Review Summary: A grimy homage to all things metal, devolved to its most primal and animalistic
Good on Eric Wunder for parting ways with that juvenile ***lord vocalist, Phil McSorely. On top of his childish and embarrassing interviews, the guy was kind of garbage. Slinging misogynistic and homophobic rhetoric isn't okay in metal in 2016 (nor was it ever) so it's refreshing to see it dealt with so effectively and to such praise. Despite the themes and acerbic hatred spewing forth from the lyrics, Phil McSorely was never the true creative ingenue (even though he was technically the band's founder.) No, Cobalt was always Wunder's baby, really. Now, seven years later that baby has outgrown Wunder considerably, forcing him to change the band into something all together different.
is in essence a stark change in direction for the band. Once US black metal heroes, Cobalt have definitively shed almost all ties to the genre. To find black metal connections would be an exercise, requiring listeners to search for undertones that were once at the forefront. 2009's Gin
gave hints as to where Wunder was going, but it was so subtle that no one saw what was to come.
The band's new direction is felt immediately. The first guitar licks at the beginning of "Hunt the Buffalo" buffet the listener with a dusty, outlaw country tone. Its bluesy feel hits hard right away, putting at the forefront something that was always felt but never seen. What's so fascinating is that Cobalt never really follow through with this sound, instead relying on little flourishes here and there. Instead, much of Slow Forever
delves into a sort of hardcore or "punk" territory. Then it derails into sludge metal territory. Along the way it passes through metalcore and doom as well. At its most incendiary and rapid fire moments, it's hard not to recall bands like Refused or even Trap Them. At its murkiest, Eyehategod rears its head. Yeah, yeah this is a bit of a stretch for sure, but this time around the band is more immediate and excessive than ever, all without dipping into their storied black metal history.
The black metal that the band became known for was a vehicle for Phil McSorely oppressive anger and fiery hatred. Sure he was a total weirdo about it, but the serrated edges of their sound really did imply a fierce and jagged underbelly. Even without such harsh sounds, Cobalt manage a palpable anger and intensity. Featuring Fell of Lord Mantis fame,Slow Forever
is down right bestial in its display of rage. It's an animal-like and primal record that feels more real and more genuine than McSorely war crap ever did.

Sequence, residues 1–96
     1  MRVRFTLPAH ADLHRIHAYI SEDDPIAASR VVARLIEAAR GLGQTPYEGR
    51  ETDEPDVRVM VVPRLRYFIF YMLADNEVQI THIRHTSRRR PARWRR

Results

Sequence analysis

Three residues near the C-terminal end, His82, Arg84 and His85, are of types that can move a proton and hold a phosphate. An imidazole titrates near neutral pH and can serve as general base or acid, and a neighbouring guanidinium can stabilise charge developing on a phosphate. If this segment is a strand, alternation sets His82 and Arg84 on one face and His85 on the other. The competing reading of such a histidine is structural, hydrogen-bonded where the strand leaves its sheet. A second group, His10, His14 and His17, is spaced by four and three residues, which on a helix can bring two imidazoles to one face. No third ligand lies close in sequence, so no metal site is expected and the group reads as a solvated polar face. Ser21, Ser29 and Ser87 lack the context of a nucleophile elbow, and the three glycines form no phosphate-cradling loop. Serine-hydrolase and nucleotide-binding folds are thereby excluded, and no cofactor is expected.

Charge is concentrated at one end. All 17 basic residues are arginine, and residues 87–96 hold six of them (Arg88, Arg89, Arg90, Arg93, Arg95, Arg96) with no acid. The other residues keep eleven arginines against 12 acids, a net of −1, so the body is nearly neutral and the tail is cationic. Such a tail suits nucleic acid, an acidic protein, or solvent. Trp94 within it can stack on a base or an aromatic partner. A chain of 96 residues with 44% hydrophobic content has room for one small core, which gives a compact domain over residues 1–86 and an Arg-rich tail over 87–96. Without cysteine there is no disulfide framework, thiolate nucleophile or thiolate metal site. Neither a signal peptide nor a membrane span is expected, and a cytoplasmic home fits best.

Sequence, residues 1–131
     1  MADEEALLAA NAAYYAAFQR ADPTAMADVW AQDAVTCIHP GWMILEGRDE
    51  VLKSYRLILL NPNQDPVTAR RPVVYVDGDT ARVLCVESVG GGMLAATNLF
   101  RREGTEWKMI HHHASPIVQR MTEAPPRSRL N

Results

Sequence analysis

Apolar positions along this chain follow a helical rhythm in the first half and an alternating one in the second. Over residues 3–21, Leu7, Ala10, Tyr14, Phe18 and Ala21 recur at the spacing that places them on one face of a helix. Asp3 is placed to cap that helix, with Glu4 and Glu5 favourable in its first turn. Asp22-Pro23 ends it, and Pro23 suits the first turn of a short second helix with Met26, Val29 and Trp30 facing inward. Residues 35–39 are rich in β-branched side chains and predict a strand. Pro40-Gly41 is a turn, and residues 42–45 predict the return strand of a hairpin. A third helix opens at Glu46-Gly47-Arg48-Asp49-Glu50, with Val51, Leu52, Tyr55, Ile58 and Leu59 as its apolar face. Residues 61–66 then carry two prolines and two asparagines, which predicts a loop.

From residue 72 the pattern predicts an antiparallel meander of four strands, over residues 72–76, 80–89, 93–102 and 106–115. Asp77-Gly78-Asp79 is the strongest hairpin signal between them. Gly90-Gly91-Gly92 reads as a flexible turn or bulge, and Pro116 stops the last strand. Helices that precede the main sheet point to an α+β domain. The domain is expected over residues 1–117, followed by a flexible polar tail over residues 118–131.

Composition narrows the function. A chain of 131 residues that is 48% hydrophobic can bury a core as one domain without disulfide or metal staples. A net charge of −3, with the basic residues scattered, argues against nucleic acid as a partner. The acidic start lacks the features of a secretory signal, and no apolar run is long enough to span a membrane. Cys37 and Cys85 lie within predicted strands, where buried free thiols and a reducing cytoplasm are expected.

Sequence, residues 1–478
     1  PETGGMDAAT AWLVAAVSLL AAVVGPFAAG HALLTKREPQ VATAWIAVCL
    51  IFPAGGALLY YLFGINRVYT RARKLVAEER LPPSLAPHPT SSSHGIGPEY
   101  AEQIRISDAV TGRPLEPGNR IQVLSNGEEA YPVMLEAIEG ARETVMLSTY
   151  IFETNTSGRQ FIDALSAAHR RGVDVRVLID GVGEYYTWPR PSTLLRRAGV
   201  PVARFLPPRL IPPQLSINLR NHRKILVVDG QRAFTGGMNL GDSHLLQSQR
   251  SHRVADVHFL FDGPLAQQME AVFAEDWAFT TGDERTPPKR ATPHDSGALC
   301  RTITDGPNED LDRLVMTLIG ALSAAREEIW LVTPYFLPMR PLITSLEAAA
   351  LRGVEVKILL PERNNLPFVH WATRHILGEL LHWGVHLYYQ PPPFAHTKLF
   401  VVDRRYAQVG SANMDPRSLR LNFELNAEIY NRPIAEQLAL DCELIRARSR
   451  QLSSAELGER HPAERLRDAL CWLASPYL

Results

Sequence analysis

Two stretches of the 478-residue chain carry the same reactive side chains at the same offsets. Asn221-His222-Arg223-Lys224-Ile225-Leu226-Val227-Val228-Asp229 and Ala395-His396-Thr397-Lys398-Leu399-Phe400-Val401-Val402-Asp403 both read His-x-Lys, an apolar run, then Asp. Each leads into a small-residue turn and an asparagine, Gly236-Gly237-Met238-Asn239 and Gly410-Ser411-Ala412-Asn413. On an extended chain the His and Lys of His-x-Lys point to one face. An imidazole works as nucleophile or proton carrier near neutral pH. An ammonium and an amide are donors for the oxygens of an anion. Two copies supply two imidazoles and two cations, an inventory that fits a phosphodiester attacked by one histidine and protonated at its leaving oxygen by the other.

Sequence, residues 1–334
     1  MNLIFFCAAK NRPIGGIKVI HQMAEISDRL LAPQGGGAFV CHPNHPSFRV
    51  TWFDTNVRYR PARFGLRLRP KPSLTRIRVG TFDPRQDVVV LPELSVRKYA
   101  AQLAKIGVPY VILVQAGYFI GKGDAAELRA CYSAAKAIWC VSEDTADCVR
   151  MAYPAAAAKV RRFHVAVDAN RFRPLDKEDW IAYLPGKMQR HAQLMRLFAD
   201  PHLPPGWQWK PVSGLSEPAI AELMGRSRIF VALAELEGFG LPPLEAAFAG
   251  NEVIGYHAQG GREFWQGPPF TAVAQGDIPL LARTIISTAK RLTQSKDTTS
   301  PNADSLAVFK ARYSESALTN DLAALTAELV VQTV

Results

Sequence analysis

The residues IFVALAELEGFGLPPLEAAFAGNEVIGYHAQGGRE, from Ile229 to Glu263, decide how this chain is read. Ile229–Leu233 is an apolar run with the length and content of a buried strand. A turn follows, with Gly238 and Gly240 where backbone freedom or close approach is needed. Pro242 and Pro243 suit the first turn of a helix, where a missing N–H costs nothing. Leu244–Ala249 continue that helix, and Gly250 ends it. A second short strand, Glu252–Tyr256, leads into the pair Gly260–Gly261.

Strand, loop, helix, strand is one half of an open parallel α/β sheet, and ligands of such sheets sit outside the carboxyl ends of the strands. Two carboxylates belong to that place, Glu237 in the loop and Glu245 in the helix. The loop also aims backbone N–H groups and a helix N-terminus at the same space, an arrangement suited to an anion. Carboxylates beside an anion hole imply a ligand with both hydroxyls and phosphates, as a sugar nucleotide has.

The aforementioned change in vocalists is probably going to be an underrated facet of Slow Forever
's success. Charlie Fell of Lord Mantis fame is a savage vocalist with a bellowing voice that gives way to ear splitting shrieks. His work on this album brings it to another level completely. McSorely was a pretty amazing vocalist for Cobalt, with a pitch-perfect black metal voice that had a dark and menacing power behind it. Fell, however, is much more lively and dynamic. He shifts readily between anthem like shouts and shrill raptor screams. His contributions to the album is immense and he deserves the highest praise possible.
will no doubt draw much ire for its runtime. Its a double album (barely, really) that runs about 85-minutes. Featuring songs that average about seven or eight minutes, the record is certainly hefty. What's so surprising is how trimmed it sounds. One might expect an hour and a half of meaty extreme metal to feel bloated, but in all actuality it feels practically svelte. That isn't to say that some things could have been cut out. Sure there are moments of awkwardly long outro segments or yawn inducing intros, but those are few and far between. As a whole, Slow Forever
is perfectly composed and assembled, breezing by as if it were half its length.
It's difficult to really assemble a cohesive thought pattern about the record. Cobalt have made a masterwork of modern metal that defines classification. It's just heavy, multifaceted music that dips its fingers into every part of the spectrum. Yet the band avoids cosmic wankery. Never does Slow Forever
feel like some sort of disjointed genre bending mess. Rather, its metal at its most primordial. Slow Forever
is Cobalt reborn. From War Metal
through 2009 the band was metal behemoth, given form by a black metal skeleton. Although they have never adhered to any sub-genre orthodoxy, black metal always seemed to be the nexus of their sound, firmly rooting them to reality. With their newest release, Eric Wunder as loosened the tether and slipped into the savage void. The band is all the better for it.